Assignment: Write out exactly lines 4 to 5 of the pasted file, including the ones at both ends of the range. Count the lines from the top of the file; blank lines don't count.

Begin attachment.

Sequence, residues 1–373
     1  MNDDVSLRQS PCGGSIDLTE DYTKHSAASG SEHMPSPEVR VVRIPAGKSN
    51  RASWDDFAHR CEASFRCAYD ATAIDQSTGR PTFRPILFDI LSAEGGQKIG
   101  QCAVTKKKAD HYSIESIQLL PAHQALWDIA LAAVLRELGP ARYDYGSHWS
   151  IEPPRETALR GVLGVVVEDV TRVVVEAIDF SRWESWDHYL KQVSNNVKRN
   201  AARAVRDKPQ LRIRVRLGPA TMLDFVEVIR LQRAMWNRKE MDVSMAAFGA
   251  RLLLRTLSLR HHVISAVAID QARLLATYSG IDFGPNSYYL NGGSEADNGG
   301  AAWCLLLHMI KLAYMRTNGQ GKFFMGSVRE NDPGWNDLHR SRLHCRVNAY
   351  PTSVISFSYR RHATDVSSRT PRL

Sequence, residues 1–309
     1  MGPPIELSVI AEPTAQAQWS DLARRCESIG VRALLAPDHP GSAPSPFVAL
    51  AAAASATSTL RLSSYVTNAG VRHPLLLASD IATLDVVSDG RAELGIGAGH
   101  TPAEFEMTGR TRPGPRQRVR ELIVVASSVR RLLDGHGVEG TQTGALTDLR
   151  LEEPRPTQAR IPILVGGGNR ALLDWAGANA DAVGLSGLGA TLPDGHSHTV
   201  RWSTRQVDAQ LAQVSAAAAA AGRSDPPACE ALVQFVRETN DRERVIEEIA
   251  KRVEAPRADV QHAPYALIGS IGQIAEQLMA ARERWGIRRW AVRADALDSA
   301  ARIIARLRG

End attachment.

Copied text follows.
   101  QCAVTKKKAD HYSIESIQLL PAHQALWDIA LAAVLRELGP ARYDYGSHWS
   151  IEPPRETALR GVLGVVVEDV TRVVVEAIDF SRWESWDHYL KQVSNNVKRN